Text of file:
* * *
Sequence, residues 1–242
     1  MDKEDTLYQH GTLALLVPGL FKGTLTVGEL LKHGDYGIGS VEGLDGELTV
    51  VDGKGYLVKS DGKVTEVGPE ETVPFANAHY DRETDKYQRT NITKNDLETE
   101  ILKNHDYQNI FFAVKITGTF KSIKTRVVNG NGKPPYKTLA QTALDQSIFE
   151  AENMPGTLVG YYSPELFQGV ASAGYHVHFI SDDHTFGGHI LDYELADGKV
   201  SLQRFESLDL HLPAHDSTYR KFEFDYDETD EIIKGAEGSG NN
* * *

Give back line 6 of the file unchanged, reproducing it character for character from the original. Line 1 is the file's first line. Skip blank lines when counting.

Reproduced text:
   201  SLQRFESLDL HLPAHDSTYR KFEFDYDETD EIIKGAEGSG NN